Pilots always report a lightning strike to the tower and/or to other aircraft in the area, primarily to warn other crews of the conditions, if the weather radar hasn’t done so already. The strike is also reported so that the aircraft can be inspected on the ground.
Edgar will never forget the experience. After the strike, he checked if all the systems were working properly. If that is the case, the flight continues, which is precisely what happened. “The aircraft was fully inspected in Lima. It’s amazing to see Ralph’s video, knowing that I was in that cockpit. It’s quite unique to capture this kind of footage. When my son’s friends saw the video, they asked if I was still alive. We had a good laugh.”
What’s a Faraday Cage?
So, what exactly happens when lightning strikes? An aircraft conducts electricity in much the same way as a Faraday Cage. Static electric fields are unable to penetrate the cage. Older aircraft, particularly the Boeing 747 and 777, conduct electricity very easily, because they’re made of aluminium. Many new aircraft types, such as the Dreamliner, Embraers and A350s, are made of synthetic, lightweight, composite materials. These aircraft have an ultra-fine copper mesh that covers the composite components or a special type of aluminium paint that conducts electricity. This skin conducts electricity along the outside of the cabin, cargo compartments and fuel tanks. The lightning conductors on the wingtips ensure that the lightning exits the plane. This means the aircraft is part of the thunderbolt’s path to the ground, ensuring that passengers are always safe in the cabin.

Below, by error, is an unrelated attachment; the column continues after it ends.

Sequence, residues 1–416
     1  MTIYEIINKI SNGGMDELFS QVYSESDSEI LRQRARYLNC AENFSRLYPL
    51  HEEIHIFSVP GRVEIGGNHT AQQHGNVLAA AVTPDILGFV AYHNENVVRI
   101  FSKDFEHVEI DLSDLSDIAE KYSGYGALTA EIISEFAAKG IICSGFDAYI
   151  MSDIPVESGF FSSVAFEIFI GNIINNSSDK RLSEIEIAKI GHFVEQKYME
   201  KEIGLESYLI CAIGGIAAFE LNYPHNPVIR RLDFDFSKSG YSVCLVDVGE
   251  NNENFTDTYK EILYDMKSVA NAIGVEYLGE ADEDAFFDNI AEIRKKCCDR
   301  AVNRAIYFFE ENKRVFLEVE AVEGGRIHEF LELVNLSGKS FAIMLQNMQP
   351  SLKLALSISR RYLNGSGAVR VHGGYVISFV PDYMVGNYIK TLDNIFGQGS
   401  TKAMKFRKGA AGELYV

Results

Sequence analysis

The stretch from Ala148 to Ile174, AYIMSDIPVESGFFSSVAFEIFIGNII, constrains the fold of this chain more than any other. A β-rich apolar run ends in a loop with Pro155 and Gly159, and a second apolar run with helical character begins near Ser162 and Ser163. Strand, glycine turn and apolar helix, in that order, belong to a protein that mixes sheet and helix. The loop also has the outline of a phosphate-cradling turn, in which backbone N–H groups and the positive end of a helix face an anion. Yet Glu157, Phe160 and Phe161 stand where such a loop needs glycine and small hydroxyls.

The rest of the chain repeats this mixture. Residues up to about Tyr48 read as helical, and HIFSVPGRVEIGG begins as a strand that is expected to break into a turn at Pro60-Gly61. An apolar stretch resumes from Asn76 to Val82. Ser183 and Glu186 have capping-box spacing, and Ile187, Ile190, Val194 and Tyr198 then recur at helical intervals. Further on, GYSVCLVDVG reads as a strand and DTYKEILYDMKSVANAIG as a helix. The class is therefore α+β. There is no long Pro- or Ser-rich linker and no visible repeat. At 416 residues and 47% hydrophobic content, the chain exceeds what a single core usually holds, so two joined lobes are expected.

It’s all over in a flash!
As a passenger, you don’t notice much, but it usually means a lot of work for ground staff. The protocol is that an aircraft must undergo a visual inspection by maintenance staff its next flight. A lightning strike can cause paint to flake off and leave singe marks on the rear edge of the wings and tail tips. Ground engineers inspect the entire plane to find the thunderbolt’s point of entry and exit. This can be quite a challenge, because the point of entry may be as tiny as a pencil tip!
Drones to the rescue
So how does one find these tiny marks on an aircraft? Andres de Vaan explains. He is the lead ground engineer and drone pilot at the Regional Jet Centre (RJC), which maintains the KLM Cityhopper fleet and other aircraft. During a routine inspection, the team inspects the entire 36 metres of the fuselage and the rest of the aircraft. “In 80% of cases, the aircraft is available for operation within 20 hours. It takes four hours in the hangar to fully assess damage to the aircraft.” Andres and his team are currently striving to make these checks faster and better. They’re using drones to achieve this. How cool is that!